by Purity Ngasi, Energy Engineer, Operations & Maintenance Administrator

Kenya is racing against time to kick off its achievements against Vision 2030 on SDG7, affordable and clean energy. Kenya boasts of its geothermal development and is ranked first in Africa and seventh in the world, with an installed capacity of 953.7MW.
Geothermal energy is heat from the earth used for electricity generation and direct use (IRENA, 2020). It is a renewable energy source as heat within the crust continuously flows toward the surface.
Data from the International Renewable Energy Agency (IRENA) shows increased Geothermal energy development in the East Africa, mainly Kenya, which has operational geothermal power plants for electricity generation and direct use.
As of December 2022, Kenya’s total installed capacity of renewable energy sources was 2,613. With a Geothermal capacity of 953.7MW, accounting for 36.49% of Kenya’s energy mix (EPRA, 2022).

Policies & regulatory framework
The Energy Act 2019 provides for creation of regulations to govern the exploration and utilization of geothermal energy through direct use. It offers the roles of the national and county government in the utilization and licenses of geothermal resources in the country (Energy Act, 2019).
The Feed-in-tariff system is established under Section 91, Part IV of the Energy Act No.1 of 2019. It enhances renewable energy development in Kenya by guaranteeing a pre-determined tariff for producers for 20 years. The 2021 FIT policy is limited to renewable energy projects such as geothermal.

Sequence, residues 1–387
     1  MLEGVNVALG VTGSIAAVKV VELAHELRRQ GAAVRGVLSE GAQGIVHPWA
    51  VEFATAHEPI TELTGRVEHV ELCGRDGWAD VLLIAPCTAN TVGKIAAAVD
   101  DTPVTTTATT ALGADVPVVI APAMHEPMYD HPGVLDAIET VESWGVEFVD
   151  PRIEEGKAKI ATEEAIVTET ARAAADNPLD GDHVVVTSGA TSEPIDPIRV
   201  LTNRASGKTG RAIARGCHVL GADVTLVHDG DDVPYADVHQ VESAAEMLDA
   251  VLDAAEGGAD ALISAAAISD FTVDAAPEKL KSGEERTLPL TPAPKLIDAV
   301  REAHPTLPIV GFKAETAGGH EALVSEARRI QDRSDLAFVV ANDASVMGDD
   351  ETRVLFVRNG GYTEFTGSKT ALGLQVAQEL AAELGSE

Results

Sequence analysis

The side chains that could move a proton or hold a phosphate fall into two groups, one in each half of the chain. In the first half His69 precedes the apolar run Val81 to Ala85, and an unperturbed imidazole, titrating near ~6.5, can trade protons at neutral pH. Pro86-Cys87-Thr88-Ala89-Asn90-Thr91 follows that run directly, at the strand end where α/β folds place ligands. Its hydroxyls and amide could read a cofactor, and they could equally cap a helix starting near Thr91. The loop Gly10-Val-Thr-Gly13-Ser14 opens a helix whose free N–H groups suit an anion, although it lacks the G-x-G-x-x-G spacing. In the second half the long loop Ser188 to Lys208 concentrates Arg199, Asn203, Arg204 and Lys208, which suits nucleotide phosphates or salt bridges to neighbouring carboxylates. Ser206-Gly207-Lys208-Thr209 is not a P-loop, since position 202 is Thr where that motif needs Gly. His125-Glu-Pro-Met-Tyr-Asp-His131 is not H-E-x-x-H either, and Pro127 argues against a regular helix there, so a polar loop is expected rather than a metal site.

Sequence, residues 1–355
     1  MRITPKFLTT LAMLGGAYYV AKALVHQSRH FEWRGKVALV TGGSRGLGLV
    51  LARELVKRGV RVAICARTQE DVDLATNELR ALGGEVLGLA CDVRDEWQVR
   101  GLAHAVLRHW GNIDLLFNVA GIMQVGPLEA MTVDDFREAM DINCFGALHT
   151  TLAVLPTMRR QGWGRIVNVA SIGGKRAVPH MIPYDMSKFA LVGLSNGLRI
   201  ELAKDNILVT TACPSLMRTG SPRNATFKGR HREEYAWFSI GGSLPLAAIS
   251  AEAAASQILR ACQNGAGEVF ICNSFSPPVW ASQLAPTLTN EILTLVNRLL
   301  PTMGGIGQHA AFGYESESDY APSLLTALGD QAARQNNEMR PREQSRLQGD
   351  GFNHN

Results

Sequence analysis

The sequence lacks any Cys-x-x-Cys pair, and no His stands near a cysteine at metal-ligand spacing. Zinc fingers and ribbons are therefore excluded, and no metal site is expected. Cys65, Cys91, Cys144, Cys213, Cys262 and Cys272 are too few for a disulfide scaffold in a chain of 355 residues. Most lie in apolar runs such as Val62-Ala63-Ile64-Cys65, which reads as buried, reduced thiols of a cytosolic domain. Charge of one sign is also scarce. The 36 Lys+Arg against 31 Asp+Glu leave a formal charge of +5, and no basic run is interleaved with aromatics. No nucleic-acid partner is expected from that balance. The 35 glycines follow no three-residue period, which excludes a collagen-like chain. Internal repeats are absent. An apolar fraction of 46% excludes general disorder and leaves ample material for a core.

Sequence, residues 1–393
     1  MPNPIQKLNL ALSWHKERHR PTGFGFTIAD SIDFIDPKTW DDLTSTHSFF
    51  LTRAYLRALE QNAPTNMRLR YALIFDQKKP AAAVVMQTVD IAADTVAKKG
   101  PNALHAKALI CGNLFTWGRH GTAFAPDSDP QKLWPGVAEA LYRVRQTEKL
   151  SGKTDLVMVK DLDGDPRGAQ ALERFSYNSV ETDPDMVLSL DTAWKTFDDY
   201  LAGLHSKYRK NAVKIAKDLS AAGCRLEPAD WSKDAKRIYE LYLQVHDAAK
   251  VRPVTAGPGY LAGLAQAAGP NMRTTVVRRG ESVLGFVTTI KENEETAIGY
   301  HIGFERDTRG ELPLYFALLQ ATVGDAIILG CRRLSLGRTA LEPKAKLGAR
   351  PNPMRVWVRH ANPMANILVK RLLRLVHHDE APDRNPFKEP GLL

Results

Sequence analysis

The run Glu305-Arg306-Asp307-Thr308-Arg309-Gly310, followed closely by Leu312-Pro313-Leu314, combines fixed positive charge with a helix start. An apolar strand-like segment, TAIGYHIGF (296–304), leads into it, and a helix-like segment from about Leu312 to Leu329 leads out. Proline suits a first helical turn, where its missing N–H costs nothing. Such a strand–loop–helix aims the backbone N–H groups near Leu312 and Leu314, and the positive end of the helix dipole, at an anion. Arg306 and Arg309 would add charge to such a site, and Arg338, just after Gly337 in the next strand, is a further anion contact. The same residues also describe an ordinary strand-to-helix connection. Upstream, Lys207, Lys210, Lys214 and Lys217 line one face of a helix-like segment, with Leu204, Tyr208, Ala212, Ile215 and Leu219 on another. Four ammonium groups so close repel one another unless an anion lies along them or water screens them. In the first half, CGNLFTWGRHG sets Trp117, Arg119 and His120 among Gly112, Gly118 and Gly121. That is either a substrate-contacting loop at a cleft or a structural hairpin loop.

The Public Private Partnership (PPP) Act No.15 of 2013 focuses on private sector engagement in financing and developing public infrastructure projects such as geothermal.

Projects and capacity building
Kenya has developed many geothermal projects, such as Olkaria I to Olkaria V. The Olkaria Geothermal Power Plants is the largest geothermal project in Kenya, owned and operated by Kenya Electricity Generating Company (KenGen).

Figure 1:Cumulative geothermal installed capacity trends for Kenya (IRENA,2020)

Currently, KenGen is exploring 305MW geothermal projects, with 280MW from upgrades at Olkaria and 25MW from the Eburru geothermal field. Geothermal Development Company (GDC) is developing the Baringo-Silali project, which has an estimated potential of 3000MW (African Business, 2023). Additionally, Kenya is gearing up to build a 35MW geothermal power plant at Menengai Steam field. Geothermal energy is used in electricity generation and direct uses such as agriculture, heating buildings, and milk pasteurization.
Kenya has invested highly in implementing capacity building by sharing geothermal knowledge and skills through training services. KenGen, GDC, and UNESCO have contributed to capacity building and awareness of geothermal energy through training programs. The training involves the local communities and public institutions, thus, increasing awareness, social acceptance, and opportunities for direct use projects Excellence.

Financing approaches